Rather what I did find was a, well, charming light switch cover. It’s available for only $4.99 on Amazon. It gives new meaning to the phrase, “I’m going to turn on the lights.” In fact, with a light switch cover like this one, I may forget about blogging, and just spend all my time playing with the light switch.

We humans are a strange lot. We are either busy vilifying nudity, or laughing at it. We all want to look, but no one wants to admit it. We all want to enjoy sex also, but few dare to admit to that either.

After graduating high school in Quebec, the next step is to attend CEGEP (a French acronym for Collège d'enseignement général et professionnel, translated as "College of General and Vocational Education"). Because high school finishes earlier than elsewhere in Canada, you need to take a 2 year pre-university course, if you'd like to go to university. 

So, there I was in CEGEP studying Fine Arts. Our teachers decided we needed to be desensitized to criticism, and to lose our shyness about the naked bodies that we were drawing or painting. They had a rather strange way of achieving that objective. While we were in our Life Drawing classes, one of the two sculpture teachers would invariably show up, and walk behind us checking out our drawings or paintings. They would proceed to make very loud comments such as, "Oh! Look! John has made the models breasts so large," or "Wow! Look at how detailed Mary has made the penis!" or even, "Oh, see how Jane has left the penis off altogether?"

Once in a sculpture class, the teacher loudly exclaimed that I had put my own breasts on the nude bust I was sculpting. Of course every guy in the class had to then check out the bust, just to be sure he was telling the truth.

Two years later in my first university level Life Drawing class, I was busy drawing the contortionist who was modeling that day. I had left a certain part of the paper blank. As our teacher passed behind me to check the drawing I had in progress, he commented, "Very nice, but don't be afraid to draw it," he said pointing to the suspiciously blank spot. 

Caught out for having not produced the perfect penis in my drawing (one that would not draw any attention at all) I tried to cover for myself with a quip. "Oh, " I replied, "It's not that I'm afraid to draw it, I've just had to erase it so many times to get it right."

He laughed, then pointed to the blank spot and got very serious saying, "Draw it!"

At the end of class he revealed that he had many new students even in his other classes who were in some way afraid of drawing sexual parts of the various models. I started to name them all, he was stunned, and wanted to know how I knew this. When I explained our experiences in our CEJEP classes, he was furious. 

At the start of the very next class, he told the entire class that he'd heard about some teachers behaviors "from other colleges", and that we need never be afraid to fully express ourselves in his class. We could colour it in, make it large or small, it didn't matter to him, and he promised he would never make fun of us. I later heard from all my previous CEGEP classmates that he'd repeated that talk in all of his classes.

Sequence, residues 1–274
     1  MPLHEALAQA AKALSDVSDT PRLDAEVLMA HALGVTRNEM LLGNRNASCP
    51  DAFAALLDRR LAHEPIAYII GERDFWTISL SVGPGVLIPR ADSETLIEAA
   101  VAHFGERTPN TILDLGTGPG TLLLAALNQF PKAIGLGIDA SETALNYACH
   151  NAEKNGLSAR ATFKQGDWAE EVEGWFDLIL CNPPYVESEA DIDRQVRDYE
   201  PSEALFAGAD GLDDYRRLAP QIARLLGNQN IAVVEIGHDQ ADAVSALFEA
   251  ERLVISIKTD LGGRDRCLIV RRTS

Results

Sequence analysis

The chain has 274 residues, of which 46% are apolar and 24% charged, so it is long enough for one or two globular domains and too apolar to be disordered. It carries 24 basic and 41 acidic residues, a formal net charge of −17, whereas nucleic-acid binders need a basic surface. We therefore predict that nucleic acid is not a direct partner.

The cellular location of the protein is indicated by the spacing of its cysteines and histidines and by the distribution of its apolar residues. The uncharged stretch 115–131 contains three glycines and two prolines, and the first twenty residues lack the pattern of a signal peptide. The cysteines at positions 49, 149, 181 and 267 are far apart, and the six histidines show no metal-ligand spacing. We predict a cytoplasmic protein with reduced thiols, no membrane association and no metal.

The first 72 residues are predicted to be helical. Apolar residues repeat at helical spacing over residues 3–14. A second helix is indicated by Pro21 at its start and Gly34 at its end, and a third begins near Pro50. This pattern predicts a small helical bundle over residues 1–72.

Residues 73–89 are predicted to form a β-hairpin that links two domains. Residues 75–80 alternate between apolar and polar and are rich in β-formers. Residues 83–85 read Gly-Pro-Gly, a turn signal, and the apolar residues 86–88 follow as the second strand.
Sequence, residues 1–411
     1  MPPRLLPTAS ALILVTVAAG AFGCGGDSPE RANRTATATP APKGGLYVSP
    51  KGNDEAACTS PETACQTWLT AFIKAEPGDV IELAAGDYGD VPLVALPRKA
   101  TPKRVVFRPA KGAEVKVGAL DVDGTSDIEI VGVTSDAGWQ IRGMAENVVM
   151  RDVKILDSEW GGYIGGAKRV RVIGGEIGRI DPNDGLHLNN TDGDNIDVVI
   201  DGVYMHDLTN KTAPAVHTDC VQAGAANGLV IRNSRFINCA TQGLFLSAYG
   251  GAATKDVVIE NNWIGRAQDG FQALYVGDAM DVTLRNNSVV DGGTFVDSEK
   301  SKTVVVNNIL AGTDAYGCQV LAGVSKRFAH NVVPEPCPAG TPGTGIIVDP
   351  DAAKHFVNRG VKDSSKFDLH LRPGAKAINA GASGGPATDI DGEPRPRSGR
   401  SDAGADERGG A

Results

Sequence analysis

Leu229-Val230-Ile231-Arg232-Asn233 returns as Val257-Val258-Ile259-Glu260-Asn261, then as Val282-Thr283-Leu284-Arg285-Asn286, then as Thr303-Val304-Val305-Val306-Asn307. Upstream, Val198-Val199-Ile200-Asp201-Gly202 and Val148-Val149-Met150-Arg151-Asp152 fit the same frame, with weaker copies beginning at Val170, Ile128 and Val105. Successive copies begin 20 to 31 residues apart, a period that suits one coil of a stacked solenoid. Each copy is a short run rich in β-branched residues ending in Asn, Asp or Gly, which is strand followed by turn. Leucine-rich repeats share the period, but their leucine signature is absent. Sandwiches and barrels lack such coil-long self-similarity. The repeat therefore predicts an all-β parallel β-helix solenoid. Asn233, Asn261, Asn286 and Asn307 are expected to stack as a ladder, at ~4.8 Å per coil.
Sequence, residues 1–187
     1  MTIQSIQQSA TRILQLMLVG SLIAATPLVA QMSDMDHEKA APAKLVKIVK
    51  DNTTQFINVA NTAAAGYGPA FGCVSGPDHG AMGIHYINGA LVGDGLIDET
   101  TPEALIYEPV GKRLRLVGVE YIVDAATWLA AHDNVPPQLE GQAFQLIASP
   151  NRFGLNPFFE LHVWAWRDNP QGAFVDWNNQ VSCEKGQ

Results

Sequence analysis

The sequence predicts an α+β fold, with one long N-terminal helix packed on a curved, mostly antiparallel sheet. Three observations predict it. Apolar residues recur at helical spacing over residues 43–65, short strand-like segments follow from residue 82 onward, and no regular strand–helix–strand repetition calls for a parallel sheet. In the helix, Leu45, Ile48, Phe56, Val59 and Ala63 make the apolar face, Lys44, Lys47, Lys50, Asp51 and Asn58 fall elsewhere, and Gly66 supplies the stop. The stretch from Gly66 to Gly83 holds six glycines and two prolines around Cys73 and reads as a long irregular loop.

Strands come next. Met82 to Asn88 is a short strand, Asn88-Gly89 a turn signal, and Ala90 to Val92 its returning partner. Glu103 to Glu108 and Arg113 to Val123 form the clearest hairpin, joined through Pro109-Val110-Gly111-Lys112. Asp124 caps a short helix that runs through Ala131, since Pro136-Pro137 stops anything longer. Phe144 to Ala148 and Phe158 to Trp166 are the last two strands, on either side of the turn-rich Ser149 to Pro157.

Here's a look at the first drawing of our contortionist I did after that.

Recently I have gone back to Life Drawing classes, and I'll be posting some of those pictures soon.

Wednesday, March 3, 2010

Let's start at the very beginning, a very good place to start

Hello! My name is Jaqui Michells, and I am an artist who is currently living and working in Toronto, Ontario, Canada.

A little bit about my background. I was born in London, England, and lived there until I was 7 1/2 years old, when my father was transferred to Canada. We lived in the suburbs of Montreal, Quebec, and I stayed there until 2000, when I moved here.

I got started in art when I was very young. For as long as I can remember, I told my parents, and anyone else who would listen, that I wanted to be an artist.

My artistic story starts as follows, in a funny story that was told to me by my mother. I would have been too young to remember it, so I am relying on her memory of the incident.

At 5 years old, I attended kindergarden at a very strict school in England. They had a school nurse on staff, so you had to be really sick before they would call home. Either that, or very, very naughty.

At that age I was still shy enough to be hiding behind my parents legs. So, when the school called home to tell my mother that she needed to go and see them about me, there was no question in her mind that I had to be deathly ill, because there was no way I had been that naughty! Off she raced to the school, expecting to find me at deaths door.

When she arrived, she was told to go and see the head mistress (oh, this must be bad!). The head mistress sat her down and proceeded to pull out a drawing, and asked my mother to look at it. She explained that the drawing was done by another child in my class. My mother looked at it, and said, "It's a stick man, running."

"That's right," said the head mistress, "now, look at this drawing done by your daughter." She handed over another drawing, and my mother looked at it and replied, "It's another stick man, running"

"Yes, but don't you see the talent in this one!" The head mistress exclaimed, and proceeded to tell my mother, that she ought to get me into an art school, because I had definite talent.

I am sure relief flooded my mother, and after she got home, she and my father shared a good laugh about it. But, year after year, the teachers told her that I had talent, and I continued to say I wanted painting lessons. At first no one would take me because I was too young. At age 9 though, I did a drawing which amazed my mother, and she came home the next day and asked me, "Do you still want to take painting lessons?"

"Yes!" I replied

"Good, because I just signed you up."

So, here is a picture of my very first painting in oils (age 9), an exercise in perspective. 

To this day, I still want to be an artist.